Silicon Valley is surely the American model for business entrepreneurship, but much of what it has done lately—which has led to many jobs fleeing the state—has been in response to an overly burdensome regulatory atmosphere in the state whose innovation and creativity gave the Valley its birth.
An article from City Journal examines this.
“Eric Demers can’t remember how many pseudo–Silicon Valleys he has seen around the world while traveling for Advanced Micro Devices. The globe’s second-largest microchip designer and producer (after Intel), AMD was created 40 years ago in the authentic Silicon Valley in California. Demers, the firm’s chief technology officer, has no intention of moving. Across the world, he points out, private and public attempts to create new Silicon Valleys have achieved only “pale copies” of the original.
“That original has remained the undisputed cradle of high-tech and communications innovation. Historic leaders like Hewlett-Packard and Intel have stayed here; more recent giants Google, Facebook, and Twitter cluster around the pioneers. The Valley’s economy, concentrated in a 60-mile corridor running from San Francisco to San Jose, attracts one-third of all venture capital invested in new businesses in the United States—39 percent in 2009, though the $7 billion made it a slow year. A new start-up launches every working day. From among these high-tech ventures will emerge the next Google or Intel.
“Silicon Valley faces a serious threat, however: the fiscal and regulatory earthquakes rocking California, which verges on becoming a failed state. Measured by per-household state and local government spending, California ranks third-highest in the nation, behind Alaska and New York. The state government is trying desperately to squeeze money out of any profitable activity to meet the crippling costs. Further, California continues to impose onerous regulations on the private sector. High taxes and stifling regulations give companies a strong incentive to move elsewhere. In this increasingly business-hostile environment, will Silicon Valley’s unique entrepreneurial spirit survive?
“Forty years ago, when Silicon Valley began to expand and soon came to dominate the high-tech universe, most of its companies were manufacturing enterprises, producing microchips and computers right on the spot. No longer. Starting in the 1980s, Valley firms began moving away from production to concentrate on inventing new products and services. AMD, for example, outsourced most of its manufacturing years ago to factories in countries like China, India, and Taiwan—places with lower wages and high production quality. The approximately 3,000 employees at the company’s Sunnyvale offices are designers, marketers, accountants, and mechanical engineers; what tiny production lines remain are for building prototypes.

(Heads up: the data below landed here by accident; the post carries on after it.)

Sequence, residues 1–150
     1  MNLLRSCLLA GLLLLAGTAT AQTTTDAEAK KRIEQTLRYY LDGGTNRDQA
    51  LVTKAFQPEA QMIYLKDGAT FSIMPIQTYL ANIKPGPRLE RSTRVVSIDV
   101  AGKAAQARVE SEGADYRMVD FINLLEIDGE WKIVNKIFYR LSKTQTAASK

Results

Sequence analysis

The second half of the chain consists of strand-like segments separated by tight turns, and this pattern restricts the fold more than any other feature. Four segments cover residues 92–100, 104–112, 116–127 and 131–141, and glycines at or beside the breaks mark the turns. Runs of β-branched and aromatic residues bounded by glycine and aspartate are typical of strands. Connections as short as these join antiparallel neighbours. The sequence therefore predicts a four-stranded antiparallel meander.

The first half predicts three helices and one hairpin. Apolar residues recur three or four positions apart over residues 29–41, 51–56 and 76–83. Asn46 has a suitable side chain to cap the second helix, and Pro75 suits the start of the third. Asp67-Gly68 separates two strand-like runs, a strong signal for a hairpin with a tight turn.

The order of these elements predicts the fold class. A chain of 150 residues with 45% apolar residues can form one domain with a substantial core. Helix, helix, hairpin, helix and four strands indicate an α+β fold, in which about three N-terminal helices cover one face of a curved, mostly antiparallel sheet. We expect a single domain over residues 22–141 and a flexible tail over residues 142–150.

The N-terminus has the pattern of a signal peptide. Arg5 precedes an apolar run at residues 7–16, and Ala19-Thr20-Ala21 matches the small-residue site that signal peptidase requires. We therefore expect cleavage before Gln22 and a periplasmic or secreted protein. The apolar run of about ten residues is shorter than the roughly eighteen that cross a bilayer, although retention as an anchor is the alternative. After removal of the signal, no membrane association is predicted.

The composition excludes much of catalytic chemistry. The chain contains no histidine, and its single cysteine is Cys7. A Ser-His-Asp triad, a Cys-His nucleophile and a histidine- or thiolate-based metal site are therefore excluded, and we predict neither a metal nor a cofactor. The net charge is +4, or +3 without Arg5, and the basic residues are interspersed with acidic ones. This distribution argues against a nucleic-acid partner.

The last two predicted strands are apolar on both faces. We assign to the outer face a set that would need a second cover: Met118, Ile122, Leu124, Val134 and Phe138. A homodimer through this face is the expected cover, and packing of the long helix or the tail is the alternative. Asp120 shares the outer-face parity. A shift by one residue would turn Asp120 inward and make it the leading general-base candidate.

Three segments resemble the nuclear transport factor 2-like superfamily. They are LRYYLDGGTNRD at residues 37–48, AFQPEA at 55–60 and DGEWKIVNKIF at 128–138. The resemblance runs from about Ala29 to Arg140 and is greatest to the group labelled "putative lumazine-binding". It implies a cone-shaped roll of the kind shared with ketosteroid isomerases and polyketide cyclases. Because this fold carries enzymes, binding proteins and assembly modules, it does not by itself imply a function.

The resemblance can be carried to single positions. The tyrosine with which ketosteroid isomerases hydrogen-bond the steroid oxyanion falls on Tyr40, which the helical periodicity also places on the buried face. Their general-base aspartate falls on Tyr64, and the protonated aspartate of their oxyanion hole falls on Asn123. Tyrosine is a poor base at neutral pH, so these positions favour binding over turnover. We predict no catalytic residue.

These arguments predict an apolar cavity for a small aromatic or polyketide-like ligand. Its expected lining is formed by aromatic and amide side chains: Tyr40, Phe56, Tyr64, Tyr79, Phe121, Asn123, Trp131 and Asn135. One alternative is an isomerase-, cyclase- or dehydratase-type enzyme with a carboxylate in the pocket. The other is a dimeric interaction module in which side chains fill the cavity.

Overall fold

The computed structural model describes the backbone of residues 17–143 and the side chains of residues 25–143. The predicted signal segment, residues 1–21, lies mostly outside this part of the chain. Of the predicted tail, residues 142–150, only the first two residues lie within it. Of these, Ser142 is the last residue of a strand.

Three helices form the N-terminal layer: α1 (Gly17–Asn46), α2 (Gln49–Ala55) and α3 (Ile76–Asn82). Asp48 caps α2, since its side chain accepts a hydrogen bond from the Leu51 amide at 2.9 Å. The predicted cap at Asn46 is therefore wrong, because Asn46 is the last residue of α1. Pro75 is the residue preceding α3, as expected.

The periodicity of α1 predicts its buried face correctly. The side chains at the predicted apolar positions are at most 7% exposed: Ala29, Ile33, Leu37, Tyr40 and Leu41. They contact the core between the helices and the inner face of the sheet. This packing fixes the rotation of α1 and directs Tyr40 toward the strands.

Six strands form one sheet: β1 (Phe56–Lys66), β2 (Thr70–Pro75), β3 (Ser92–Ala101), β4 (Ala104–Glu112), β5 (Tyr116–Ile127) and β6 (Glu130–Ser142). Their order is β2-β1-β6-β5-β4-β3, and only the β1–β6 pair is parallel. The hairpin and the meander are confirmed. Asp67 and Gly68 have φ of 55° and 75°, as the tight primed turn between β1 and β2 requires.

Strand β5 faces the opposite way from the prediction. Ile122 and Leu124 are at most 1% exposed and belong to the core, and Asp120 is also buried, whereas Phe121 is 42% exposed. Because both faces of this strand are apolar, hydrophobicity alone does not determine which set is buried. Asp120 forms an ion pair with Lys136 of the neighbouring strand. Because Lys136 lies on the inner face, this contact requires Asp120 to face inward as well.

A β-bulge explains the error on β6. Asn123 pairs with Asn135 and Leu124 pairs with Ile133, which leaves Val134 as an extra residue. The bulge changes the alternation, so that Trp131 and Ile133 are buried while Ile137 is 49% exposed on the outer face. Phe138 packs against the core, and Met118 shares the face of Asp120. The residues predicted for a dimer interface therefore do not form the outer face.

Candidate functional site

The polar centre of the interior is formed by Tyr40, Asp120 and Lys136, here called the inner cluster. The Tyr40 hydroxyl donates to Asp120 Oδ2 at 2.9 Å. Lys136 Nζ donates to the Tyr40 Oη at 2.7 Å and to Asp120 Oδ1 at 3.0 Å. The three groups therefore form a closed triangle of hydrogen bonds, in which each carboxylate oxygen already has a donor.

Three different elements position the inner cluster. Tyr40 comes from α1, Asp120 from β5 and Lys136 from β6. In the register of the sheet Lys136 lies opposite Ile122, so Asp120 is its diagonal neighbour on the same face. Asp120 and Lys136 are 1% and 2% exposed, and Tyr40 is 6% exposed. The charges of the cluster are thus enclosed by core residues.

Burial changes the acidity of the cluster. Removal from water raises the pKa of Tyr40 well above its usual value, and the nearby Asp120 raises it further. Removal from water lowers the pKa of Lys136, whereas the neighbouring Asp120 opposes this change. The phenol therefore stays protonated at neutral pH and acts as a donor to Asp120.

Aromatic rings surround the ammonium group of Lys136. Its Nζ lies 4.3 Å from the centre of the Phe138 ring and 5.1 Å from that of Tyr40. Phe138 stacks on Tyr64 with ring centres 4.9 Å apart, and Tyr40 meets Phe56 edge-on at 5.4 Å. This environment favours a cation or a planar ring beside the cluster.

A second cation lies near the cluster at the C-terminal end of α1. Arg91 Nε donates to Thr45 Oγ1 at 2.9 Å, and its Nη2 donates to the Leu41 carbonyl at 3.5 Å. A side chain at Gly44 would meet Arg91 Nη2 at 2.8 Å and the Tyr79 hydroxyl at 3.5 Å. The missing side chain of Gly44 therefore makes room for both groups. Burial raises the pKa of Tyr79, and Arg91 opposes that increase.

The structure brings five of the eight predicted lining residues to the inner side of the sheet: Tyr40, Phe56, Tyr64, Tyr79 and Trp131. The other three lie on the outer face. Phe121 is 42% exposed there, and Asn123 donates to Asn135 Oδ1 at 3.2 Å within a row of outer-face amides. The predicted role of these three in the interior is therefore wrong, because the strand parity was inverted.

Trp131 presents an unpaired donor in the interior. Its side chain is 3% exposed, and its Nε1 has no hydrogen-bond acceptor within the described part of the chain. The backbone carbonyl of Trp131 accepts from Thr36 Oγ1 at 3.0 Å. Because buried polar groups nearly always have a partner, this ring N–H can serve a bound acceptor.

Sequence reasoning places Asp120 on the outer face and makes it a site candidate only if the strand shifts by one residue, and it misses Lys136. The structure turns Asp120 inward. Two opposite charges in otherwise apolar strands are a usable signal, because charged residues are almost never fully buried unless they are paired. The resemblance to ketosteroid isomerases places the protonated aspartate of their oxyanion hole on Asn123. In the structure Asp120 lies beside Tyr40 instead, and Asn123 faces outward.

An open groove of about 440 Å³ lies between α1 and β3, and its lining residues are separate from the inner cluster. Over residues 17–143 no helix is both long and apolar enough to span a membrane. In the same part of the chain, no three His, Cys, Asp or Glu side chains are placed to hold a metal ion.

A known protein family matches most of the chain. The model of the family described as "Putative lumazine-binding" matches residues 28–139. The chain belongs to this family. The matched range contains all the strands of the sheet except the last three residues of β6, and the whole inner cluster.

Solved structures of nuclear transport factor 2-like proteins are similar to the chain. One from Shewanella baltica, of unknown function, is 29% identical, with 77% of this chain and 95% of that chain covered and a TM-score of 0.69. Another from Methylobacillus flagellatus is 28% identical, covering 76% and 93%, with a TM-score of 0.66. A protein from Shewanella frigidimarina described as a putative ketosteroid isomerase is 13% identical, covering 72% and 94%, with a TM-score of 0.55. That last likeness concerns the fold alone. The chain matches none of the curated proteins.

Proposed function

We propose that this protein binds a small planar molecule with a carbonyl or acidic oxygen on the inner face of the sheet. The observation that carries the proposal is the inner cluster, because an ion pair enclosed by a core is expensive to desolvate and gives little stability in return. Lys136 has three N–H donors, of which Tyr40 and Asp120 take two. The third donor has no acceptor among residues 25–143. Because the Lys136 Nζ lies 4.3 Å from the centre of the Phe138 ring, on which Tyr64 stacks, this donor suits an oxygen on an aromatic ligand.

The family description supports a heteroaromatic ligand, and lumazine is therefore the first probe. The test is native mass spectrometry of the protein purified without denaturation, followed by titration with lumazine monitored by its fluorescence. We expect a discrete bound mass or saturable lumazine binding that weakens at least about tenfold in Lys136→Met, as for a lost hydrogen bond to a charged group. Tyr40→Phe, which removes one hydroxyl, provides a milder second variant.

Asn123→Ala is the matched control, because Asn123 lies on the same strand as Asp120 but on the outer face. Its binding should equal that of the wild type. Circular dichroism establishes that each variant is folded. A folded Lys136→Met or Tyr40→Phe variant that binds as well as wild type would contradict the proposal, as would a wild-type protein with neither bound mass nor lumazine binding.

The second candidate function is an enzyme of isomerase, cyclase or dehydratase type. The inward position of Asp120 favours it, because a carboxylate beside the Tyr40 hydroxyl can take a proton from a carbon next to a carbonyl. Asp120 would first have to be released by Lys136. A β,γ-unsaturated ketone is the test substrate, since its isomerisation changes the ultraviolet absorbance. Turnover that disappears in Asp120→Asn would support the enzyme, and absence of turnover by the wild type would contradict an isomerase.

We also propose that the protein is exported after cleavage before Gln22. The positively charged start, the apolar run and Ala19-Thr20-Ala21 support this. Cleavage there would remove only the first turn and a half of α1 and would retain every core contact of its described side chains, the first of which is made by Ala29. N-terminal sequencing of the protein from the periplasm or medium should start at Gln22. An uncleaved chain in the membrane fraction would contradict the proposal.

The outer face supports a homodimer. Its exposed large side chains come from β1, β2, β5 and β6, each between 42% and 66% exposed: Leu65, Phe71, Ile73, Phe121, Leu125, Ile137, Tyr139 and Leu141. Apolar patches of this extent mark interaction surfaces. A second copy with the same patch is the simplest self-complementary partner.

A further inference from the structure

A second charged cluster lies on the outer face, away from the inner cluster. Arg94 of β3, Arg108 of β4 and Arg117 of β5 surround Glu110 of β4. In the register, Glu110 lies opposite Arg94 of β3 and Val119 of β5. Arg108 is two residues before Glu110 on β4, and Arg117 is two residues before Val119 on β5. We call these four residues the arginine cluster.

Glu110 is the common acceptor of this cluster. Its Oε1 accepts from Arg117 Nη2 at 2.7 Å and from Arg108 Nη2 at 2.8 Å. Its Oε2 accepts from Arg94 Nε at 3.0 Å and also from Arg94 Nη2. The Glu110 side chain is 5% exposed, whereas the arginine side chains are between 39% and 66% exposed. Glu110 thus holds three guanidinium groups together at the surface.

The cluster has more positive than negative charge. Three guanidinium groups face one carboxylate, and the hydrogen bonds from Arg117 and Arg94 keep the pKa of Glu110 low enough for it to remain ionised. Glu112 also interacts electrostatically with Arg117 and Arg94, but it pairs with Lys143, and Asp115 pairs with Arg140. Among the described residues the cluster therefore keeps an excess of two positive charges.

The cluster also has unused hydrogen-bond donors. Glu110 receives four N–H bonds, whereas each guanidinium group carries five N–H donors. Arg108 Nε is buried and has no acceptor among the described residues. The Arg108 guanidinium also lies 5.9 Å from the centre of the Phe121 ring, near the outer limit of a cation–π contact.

“Was so much outsourcing necessary? Jason Clemens, research director for the Pacific Research Institute in San Francisco, one of California’s few free-market think tanks, acknowledges that countries like Taiwan offer a powerful “pull” factor for shifting manufacturing to East Asia. But there has been a major “push” factor, too, Clemens argues: the Golden State’s excessive income and property taxes and its web of regulations, which, he believes, have driven up outsourcing. As Berkeley-based journalist Francis Pisani puts it: “Outsourcing is the only answer to taxes and regulations.”
“California has piled every imaginable burden on businesses. Minimum-wage laws are among the highest in the country, and health and safety regulations are among the strictest; cities like San Francisco and San Jose require businesses to offer employees health insurance; labor laws are extremely union-friendly; environmental policies drive up energy costs—and on and on. Small firms have the toughest time in this business-toxic climate. A recent study by Sanjay Varshney, dean of the College of Business Administration at California State University in Sacramento, estimates that the cost of state regulations in 2007 reached an average of $134,122 per small business—the equivalent of one job lost per company. And it’s not just the small guys: Google, which uses colossal amounts of electricity, is building its data centers in other states or abroad, where energy is much cheaper.”